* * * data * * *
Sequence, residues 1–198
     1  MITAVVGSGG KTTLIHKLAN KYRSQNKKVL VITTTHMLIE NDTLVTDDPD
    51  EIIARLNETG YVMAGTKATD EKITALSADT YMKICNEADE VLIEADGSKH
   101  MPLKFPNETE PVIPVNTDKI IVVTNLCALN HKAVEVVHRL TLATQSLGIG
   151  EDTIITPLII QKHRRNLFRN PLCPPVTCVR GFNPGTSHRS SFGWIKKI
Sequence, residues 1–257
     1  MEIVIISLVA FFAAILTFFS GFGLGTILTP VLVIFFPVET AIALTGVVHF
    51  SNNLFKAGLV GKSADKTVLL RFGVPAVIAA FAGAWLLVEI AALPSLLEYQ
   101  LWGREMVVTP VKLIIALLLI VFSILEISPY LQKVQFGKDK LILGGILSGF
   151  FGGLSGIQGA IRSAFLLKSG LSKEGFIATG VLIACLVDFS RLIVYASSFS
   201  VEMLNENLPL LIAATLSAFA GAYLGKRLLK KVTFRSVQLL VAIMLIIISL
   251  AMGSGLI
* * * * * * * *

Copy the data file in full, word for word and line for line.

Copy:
Sequence, residues 1–198
     1  MITAVVGSGG KTTLIHKLAN KYRSQNKKVL VITTTHMLIE NDTLVTDDPD
    51  EIIARLNETG YVMAGTKATD EKITALSADT YMKICNEADE VLIEADGSKH
   101  MPLKFPNETE PVIPVNTDKI IVVTNLCALN HKAVEVVHRL TLATQSLGIG
   151  EDTIITPLII QKHRRNLFRN PLCPPVTCVR GFNPGTSHRS SFGWIKKI
Sequence, residues 1–257
     1  MEIVIISLVA FFAAILTFFS GFGLGTILTP VLVIFFPVET AIALTGVVHF
    51  SNNLFKAGLV GKSADKTVLL RFGVPAVIAA FAGAWLLVEI AALPSLLEYQ
   101  LWGREMVVTP VKLIIALLLI VFSILEISPY LQKVQFGKDK LILGGILSGF
   151  FGGLSGIQGA IRSAFLLKSG LSKEGFIATG VLIACLVDFS RLIVYASSFS
   201  VEMLNENLPL LIAATLSAFA GAYLGKRLLK KVTFRSVQLL VAIMLIIISL
   251  AMGSGLI